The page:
Pegram attempted to reverse his sagging fortunes. Arriving at 6:00 p.m. as the three-hour battle was ending, he saw his men fleeing their works at Hart’s. Despite great personal effort he was unable to rally them. Finding the situation hopeless, Pegram hurried back to camp and ordered his regiment’s remaining companies toward the battle site, leaving the right side of the Camp Garnett works totally unmanned. Approximately midway up the mountain, he met the men who had fled from battle down the western slope of the mountain-under the command of Major Nat Tyler waiting in the woods to ambush the enemy. Pegram asked them if they were willing to go back and fight. While the men were responding with a cheer, a captain interrupted, saying, “Colonel Pegram these men are completely demoralized, and will need you to lead them.” Taking his place at the head of the column, Pegram led the men single-file in the rain through what he called “laurel thickets and through almost impossible brushwood” to the top of the mountain, a quarter-mile away from Rosecrans’ right flank. There Pegram was about to position his men to attack when Major Tyler informed him that during the march up the mountain “one of the men in his frightened state had turned around and shot the first sergeant of one of the rear companies, which had caused nearly the whole company to run to the rear.” Soon after a captain told Pegram, “the men were so intensely demoralized that he considered it madness to attempt to lead them into an attack.” Pegram wrote in his official report, “A mere glance at the frightened countenances around” him convinced Pegram that his distressing news was true. It was confirmed by the opinion “of the company commanders around him.” They all agreed with Pegram, who stated, “there was nothing left to do but to send the command under Major Tyler” to join Garnett at Laurel Hill or to Colonel William C. Scott’s regiment, which was believed to be near Beverly. [4]

It was 6:30 p.m. when Pegram sent Tyler’s men northeastward to escape off the mountain. Pegram started back to camp. He frequently lost his way and was thrown from his horse and was injured, so he did not arrive until 11:15 p.m. The situation was becoming desperate. A council of war was breaking up when Pegram arrived. Lieutenant Colonel Jonathan M. Heck, the second in command, had called the meeting and had related Pegram’s orders to hold the camp at all costs. Pegram immediately reconvened the officers, and they concurred it was time to leave. Heck would lead all the able-bodied men over the mountains to join Garnett, while Pegram, battered by his ordeals, would stay behind with the sick.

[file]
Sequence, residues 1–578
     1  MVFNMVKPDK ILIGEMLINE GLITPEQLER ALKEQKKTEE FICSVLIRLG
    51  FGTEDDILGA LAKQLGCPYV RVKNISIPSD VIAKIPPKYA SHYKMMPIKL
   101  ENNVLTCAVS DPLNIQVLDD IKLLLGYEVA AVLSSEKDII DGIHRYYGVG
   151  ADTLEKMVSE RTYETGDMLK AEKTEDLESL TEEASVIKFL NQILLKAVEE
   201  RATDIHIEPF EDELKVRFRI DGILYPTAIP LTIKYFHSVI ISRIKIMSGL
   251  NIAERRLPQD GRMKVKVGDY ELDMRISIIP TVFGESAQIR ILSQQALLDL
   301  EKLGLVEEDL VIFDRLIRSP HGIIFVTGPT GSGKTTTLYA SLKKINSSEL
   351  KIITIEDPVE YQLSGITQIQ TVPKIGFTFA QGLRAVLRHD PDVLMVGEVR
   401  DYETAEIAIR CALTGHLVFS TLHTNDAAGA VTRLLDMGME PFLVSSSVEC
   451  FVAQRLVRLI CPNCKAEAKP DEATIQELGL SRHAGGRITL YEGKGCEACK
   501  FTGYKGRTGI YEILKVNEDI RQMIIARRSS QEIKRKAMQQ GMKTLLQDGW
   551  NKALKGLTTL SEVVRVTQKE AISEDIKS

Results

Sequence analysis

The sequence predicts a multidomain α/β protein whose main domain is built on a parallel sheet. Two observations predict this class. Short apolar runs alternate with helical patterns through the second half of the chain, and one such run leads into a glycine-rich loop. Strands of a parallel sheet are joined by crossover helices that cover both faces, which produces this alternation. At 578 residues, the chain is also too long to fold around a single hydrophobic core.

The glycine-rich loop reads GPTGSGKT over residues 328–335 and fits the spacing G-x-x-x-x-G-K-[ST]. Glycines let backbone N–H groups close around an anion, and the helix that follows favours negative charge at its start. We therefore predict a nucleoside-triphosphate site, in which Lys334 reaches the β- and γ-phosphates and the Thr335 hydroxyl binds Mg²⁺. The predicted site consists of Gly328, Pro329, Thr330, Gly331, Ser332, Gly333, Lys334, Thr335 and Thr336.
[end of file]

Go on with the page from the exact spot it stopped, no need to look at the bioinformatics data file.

Totally unaware of the demoralized state of his opponent, Rosecrans feared for his own safety at the mountain gap. He called his men back after they had pursued the fleeing Southerners for only several hundred yards. Darkness was approaching, and it was too late to attack a well-fortified enemy camp almost three miles away that could only be reached by a road described by Pegram as “skirted with almost an impenetrable thicket of underbrush.” Nor did he feel he could head eastward to Beverly, as he was already separated from the main Union force by an enemy whom, he believed, had 5,000 to 8,000 men. McClellan had made no attack, so no help could be expected from him. Rosecrans tried to find a cavalryman to carry a message of his plight to McClellan, but this proved futile. No one who would undertake such a venture could be found. Feeling vulnerable and isolated between an entrenched enemy camp to his west and another unknown force to the east, Rosecrans decided to spend the night on top of the mountain. It was a very dark, cold, and rainy summer night. The wounded of both sides were huddled together in the Hart house and on its porch, and they filled all the outbuilding to protect themselves from the inclement weather. The next morning a detail buried thirty-two Confederate dead in two trenches in or near Hart’s garden. Among those buried were three of the four men of the 25th Virginia who had previously carved their names on two rocks they fought behind. (One of the rocks they fought behind is today known as the Dawson’s Boulder, named for the only survivor of the four, Private George W. Dawson.) [5]